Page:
Sorry!! The article you are trying to read is not available now.
Thank you very much;
you're only a step away from
downloading your reports.

Jeff Saut: Avoiding Catastrophe is First Priority

By

Best investors can fail to observe most basic rule.

PrintPRINT

Ever since the House of Representatives failed to pass the Paulson Plan, I have suggested that the main theme for investors was "survival." Accompanying that theme has been this mantra: Be the second mouse - the one who gets the cheese, because the first mouse often gets caught in the trap.

To be sure, over the last 4 weeks those participants who attempted to pick the bottom have been the "first mouse" - they've lost money. Given last week's wilt, I've decided a third mouse is what's needed.

Since the original Dow Theory "sell signal" of September 2001, my firm's strategy has been to manage the risk by not letting anything go more that 15% to 20% against us. This is the philosophy of no less formidable an investor than Warren Buffett.

Buffett says it wasn't his best ideas that gave him his tremendous track record; it was having fewer bad ideas that resulted in a permanent loss of capital: "We haven't taken 2 steps forward and one step back. We've taken 2 steps forward and a fraction of a step back. Avoiding the catastrophes is really important."

Actionable ideas, instant analysis. Real-time from bell to bell.
Minyanville's Buzz & Banter - 14 day FREE trial

Avoiding, and/or managing for, the catastrophes is one of the biggest secrets on Wall Street. Anyone in the real world, however, knows that you have to manage for the risks: Apple producers know they're going to lose 5 or 6 apples out of every 100 to spoilage, and they manage for it. Light bulb manufacturers know they'll lose 2 or 3 light bulbs out of every 100 to breakage, and they manage for it.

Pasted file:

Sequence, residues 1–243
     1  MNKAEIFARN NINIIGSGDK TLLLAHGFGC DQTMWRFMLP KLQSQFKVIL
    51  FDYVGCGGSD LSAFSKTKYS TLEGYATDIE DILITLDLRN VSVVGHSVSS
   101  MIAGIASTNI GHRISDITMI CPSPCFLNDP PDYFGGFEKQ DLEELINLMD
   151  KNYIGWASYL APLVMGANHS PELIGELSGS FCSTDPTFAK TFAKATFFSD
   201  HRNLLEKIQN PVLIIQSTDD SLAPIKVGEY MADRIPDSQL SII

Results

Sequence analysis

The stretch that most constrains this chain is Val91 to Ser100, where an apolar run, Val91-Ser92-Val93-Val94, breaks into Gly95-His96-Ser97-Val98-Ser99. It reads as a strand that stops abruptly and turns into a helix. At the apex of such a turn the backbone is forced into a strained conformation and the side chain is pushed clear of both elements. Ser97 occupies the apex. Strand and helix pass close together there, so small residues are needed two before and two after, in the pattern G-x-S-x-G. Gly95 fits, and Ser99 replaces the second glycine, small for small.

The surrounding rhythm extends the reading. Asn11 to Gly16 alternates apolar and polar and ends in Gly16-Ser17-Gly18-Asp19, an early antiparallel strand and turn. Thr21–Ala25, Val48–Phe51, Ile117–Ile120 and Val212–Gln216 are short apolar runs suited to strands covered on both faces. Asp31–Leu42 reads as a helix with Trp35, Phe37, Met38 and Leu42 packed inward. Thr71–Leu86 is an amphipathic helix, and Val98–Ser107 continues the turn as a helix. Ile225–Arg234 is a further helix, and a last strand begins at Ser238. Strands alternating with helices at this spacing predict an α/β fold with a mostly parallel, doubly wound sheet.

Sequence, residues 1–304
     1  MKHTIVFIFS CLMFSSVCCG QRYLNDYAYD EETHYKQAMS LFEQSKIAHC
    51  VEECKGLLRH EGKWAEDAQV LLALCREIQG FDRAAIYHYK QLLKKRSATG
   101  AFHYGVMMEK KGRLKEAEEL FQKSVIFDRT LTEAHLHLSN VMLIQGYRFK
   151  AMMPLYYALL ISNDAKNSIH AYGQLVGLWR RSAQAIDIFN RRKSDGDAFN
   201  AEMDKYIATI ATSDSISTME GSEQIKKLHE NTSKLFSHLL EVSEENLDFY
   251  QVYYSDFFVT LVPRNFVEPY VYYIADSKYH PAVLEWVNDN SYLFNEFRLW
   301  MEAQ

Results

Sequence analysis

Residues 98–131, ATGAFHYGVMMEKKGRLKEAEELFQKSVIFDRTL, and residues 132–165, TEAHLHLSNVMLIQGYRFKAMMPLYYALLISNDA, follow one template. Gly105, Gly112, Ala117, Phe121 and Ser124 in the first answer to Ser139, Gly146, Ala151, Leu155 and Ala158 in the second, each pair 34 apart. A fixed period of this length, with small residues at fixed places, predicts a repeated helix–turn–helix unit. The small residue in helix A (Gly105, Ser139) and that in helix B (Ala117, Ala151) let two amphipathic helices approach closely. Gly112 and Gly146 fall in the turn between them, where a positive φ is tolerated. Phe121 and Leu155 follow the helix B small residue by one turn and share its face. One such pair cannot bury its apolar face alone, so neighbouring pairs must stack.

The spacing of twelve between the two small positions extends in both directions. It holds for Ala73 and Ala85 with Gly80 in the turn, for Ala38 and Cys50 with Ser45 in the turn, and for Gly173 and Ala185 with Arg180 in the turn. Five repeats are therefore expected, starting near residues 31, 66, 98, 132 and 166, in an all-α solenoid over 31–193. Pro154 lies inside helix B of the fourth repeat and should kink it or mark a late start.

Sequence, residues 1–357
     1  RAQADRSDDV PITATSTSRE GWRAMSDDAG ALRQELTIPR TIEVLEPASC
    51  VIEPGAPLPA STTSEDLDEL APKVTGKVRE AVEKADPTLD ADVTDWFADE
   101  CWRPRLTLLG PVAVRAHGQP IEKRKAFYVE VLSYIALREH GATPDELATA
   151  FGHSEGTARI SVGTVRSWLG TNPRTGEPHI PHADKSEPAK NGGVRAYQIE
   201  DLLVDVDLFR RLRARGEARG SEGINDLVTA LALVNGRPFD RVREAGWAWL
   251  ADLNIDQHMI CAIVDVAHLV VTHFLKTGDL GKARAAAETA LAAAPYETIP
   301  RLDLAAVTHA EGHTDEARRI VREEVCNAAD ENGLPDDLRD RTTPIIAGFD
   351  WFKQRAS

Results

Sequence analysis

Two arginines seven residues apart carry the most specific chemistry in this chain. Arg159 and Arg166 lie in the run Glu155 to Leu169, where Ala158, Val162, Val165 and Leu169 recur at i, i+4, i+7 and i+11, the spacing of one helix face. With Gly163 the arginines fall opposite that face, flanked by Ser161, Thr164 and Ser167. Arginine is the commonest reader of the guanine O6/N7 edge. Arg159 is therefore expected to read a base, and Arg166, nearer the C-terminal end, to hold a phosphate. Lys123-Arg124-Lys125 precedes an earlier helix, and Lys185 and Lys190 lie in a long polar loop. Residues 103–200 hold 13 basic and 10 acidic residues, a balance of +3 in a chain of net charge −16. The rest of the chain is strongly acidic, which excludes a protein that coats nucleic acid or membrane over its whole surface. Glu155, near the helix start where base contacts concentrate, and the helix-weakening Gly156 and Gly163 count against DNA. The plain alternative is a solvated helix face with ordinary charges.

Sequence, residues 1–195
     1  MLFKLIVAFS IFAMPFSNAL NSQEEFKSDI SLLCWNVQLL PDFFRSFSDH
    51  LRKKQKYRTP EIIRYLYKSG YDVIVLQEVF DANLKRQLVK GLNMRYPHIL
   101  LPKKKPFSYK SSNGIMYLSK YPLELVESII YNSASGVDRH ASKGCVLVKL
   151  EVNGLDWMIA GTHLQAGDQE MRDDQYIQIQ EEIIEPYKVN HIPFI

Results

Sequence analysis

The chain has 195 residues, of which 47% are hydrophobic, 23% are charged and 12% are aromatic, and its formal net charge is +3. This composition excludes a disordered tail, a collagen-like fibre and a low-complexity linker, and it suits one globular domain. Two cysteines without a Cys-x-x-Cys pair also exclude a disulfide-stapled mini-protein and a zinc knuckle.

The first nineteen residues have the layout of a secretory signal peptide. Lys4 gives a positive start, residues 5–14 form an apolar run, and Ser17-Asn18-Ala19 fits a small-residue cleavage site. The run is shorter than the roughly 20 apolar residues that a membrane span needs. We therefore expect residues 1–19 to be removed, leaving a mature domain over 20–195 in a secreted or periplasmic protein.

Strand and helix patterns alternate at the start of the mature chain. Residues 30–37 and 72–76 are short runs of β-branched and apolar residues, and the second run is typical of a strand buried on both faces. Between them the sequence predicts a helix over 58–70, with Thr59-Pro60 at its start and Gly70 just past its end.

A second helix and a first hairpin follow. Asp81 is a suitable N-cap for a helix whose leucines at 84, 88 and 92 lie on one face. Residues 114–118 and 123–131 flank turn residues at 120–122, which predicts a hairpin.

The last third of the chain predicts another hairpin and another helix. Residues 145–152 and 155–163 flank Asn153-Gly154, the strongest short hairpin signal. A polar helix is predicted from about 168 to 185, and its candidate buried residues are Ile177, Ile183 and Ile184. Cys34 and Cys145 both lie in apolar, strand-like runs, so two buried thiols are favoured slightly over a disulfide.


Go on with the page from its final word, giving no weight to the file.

Still, in the investment business, there are very few of us that continually discuss managing the risk. Even some of the best operators on Wall Street have recently failed to adhere to this most basic rule of investing.

Indeed, for years we have idolized Ken Heebner of CGM Focus Fund (CGMFX) fame, as well as Marty Whitman, captain of the Third Avenue Value Fund (TAVFX). Both of these brilliant investors' track records are legendary - but this year, both of them are down over 45%.

No positions in stocks mentioned.
The information on this website solely reflects the analysis of or opinion about the performance of securities and financial markets by the writers whose articles appear on the site. The views expressed by the writers are not necessarily the views of Minyanville Media, Inc. or members of its management. Nothing contained on the website is intended to constitute a recommendation or advice addressed to an individual investor or category of investors to purchase, sell or hold any security, or to take any action with respect to the prospective movement of the securities markets or to solicit the purchase or sale of any security. Any investment decisions must be made by the reader either individually or in consultation with his or her investment professional. Minyanville writers and staff may trade or hold positions in securities that are discussed in articles appearing on the website. Writers of articles are required to disclose whether they have a position in any stock or fund discussed in an article, but are not permitted to disclose the size or direction of the position. Nothing on this website is intended to solicit business of any kind for a writer's business or fund. Minyanville management and staff as well as contributing writers will not respond to emails or other communications requesting investment advice.

Copyright 2011 Minyanville Media, Inc. All Rights Reserved.
PrintPRINT
 
Featured Videos

WHAT'S POPULAR IN THE VILLE